The Old Bailey was told that Clive Goodman, the NoW’s royal editor, intercepted the voicemails of Prince William and his then girlfriend Kate Middleton, now the Duchess of Cambridge, and Prince Harry almost 199 times during an 10 month period ending in August 2006.
Also targeted by the News of the World phone hacking operation were Kate Waddington, PA to Sarah Ferguson, Duchess of York, and Michael Fawcett, senior valet to the Prince of Wales.
The UK’s best-selling Sunday newspaper hacked the three royals or their aides almost 400 times.
The News of the World also planned hiring a private detective, Derek Webb, to follow Prince William’s friends so it land an exclusive about his going away to Sandhurst party.
The hacking was confirmed by Mr Goodman, jailed in 2007 for hacking royal aides Helen Asprey, Paddy Harverson and Jamie Lowther-Pinker, on his return to the witness box after two months’ illness.
Timothy Langdale, QC, for Andy Coulson, said a “schedule” before the court showed that in 2005 and 2006 Mr Goodman had hacked Kate Middleton 155 times, Prince William 35 times and Prince Harry 9 times.
Mr Goodman did not dispute any of Mr Langdale’s figures.
He agreed that phone records suggested he first hacked Miss Middleton on 21 September 2005 and that he had hacked her phone on Christmas Eve, Christmas Day and Boxing Day 2005. The hacking continued until the day before Mr Goodman was arrested in August 2006.
Asked why he had obtained details about Miss Middleton from Glenn Mulcaire, the News of the World’s phone hacking private detective, Mr Goodman said:
“Because Glenn Mulcaire offered them. She was a figure of increasing importance to the Royal Family. There were stories about her and Prince William marrying, settling down and having a family.”
Asked whether he had hacked her phone on Christmas Day 2005, Mr Goodman replied: “Yes.”
Referring to the document before the court – which the jury had, but which was not flashed up on the court monitors – Mr Justice Saunders remarked that Miss Middleton appeared to have several voicemail PIN numbers. He asked: “They were being changed regularly?”, to which Mr Goodman replied: “I think so, yes.”
Mr Langdale introduced the evidence in an attempt to show the jury that Mr Goodman (jointly charged with Mr Coulson over alleged corruption of police) had misled the court during his earlier evidence.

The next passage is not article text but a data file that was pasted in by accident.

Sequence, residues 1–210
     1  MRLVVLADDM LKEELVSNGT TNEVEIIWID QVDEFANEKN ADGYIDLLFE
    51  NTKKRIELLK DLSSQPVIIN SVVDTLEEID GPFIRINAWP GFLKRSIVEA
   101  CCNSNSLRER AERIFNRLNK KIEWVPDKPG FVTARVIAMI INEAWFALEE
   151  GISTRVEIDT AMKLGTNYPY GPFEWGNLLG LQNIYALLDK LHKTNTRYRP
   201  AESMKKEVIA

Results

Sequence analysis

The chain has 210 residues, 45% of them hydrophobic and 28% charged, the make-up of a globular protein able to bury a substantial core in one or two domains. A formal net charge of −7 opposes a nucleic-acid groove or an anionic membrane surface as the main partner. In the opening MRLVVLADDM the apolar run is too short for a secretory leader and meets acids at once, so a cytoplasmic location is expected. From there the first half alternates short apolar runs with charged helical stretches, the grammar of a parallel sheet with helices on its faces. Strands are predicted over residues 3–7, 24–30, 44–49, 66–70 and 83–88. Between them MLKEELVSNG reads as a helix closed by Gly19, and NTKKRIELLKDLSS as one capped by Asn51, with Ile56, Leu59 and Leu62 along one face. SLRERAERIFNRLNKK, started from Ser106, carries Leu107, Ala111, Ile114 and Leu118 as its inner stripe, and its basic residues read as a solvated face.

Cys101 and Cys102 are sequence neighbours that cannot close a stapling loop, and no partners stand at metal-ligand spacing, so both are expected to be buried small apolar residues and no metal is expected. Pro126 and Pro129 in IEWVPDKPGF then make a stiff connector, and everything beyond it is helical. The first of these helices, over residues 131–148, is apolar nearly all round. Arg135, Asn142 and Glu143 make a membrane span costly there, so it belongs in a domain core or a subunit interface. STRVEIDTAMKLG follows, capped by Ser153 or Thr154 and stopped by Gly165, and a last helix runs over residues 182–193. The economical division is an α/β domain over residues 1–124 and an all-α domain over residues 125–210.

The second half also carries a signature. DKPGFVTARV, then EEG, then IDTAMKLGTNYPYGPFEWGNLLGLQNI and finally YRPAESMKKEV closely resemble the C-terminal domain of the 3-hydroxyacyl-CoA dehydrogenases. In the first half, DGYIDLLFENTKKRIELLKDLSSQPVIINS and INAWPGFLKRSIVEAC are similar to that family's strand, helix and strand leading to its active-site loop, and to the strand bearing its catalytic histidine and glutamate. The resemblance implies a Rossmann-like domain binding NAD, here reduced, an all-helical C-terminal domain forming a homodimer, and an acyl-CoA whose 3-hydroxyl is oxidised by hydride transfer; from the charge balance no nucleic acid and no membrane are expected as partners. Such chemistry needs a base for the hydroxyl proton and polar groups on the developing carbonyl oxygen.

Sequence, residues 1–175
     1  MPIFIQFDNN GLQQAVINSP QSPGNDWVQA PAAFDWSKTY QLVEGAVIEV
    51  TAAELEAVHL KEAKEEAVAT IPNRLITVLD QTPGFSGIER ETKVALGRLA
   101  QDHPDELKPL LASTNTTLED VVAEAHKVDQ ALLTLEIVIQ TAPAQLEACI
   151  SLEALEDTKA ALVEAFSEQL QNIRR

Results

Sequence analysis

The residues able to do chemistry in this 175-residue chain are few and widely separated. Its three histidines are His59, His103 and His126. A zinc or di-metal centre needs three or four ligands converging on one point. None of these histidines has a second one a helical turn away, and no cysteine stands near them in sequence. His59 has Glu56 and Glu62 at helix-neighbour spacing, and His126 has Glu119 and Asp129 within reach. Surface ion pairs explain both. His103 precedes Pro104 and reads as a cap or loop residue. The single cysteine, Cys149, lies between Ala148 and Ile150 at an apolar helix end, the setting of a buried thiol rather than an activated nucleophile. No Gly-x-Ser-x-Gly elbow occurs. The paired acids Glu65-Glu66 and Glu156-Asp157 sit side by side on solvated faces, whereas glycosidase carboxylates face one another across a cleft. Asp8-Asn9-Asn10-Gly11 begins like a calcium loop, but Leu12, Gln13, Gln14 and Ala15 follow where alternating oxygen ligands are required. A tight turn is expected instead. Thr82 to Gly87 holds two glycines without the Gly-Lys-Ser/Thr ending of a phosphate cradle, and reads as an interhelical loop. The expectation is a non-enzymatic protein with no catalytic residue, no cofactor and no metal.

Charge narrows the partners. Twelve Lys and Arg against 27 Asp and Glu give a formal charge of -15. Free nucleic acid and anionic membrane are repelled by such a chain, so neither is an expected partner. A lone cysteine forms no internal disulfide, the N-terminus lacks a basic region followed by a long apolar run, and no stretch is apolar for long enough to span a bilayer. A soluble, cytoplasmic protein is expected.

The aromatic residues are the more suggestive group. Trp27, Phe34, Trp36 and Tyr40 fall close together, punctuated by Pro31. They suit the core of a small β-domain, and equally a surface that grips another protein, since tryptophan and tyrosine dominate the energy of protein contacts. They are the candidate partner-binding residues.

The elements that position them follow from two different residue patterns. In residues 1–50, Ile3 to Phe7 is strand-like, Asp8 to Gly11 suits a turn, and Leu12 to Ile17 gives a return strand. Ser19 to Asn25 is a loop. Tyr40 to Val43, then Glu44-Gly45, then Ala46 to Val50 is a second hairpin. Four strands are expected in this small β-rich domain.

In his testimony two months ago, Mr Goodman had referred only to hacking the three royal aides he was convicted of hacking in 2007 plus two others: equerry Mark Dyer and Tom Parker Bowles, son of Duchess of Cornwall. He said he could not recall any others.
Turning Mr Goodman’s much wider admission of phone hacking today, Mr Langdale asked Mr Goodman about the targeting of Prince William. He asked him: “Had you really forgotten you were hacking him at Sandhurst?,” to which Mr Goodman said: “I find it difficult to recall.”
Mr Goodman said that he could now tell the truth about his phone hacking because he had been told by the Crown Prosecution Service that he would not face any further charges on the matter.
Referring to the first police investigation, Operation Caryatid, Mr Goodman told the court: “The Metropolitan Police didn’t ask me these questions in 2006 or 2007 and I’ve never been asked by any inquiry or investigation [since].”
Mr Langdale raised an email sent by Mr Goodman in January 2006 about plans to instruct a private detective to follow two friends of Prince William, Guy Pelly and Harry Legge-Bourke, to ascertain the location of a party.
Mr Goodman told the court: “The idea was: we can’t find out where the party was, so we’ll put Derek [Webb] on the people likely to go to the party so we can follow them and get some pictures and an exclusive.”
Mr Goodman, who did not say whether Mr Webb had been instructed, denies two counts of conspiring to commit misconduct in public office over the alleged payments to police officers for royal phone directories.
Mr Coulson, News of the World editor between 2003 and 2007, denies the same two counts of conspiring to commit misconduct in public office and one count of conspiring to hack phones. The case continues.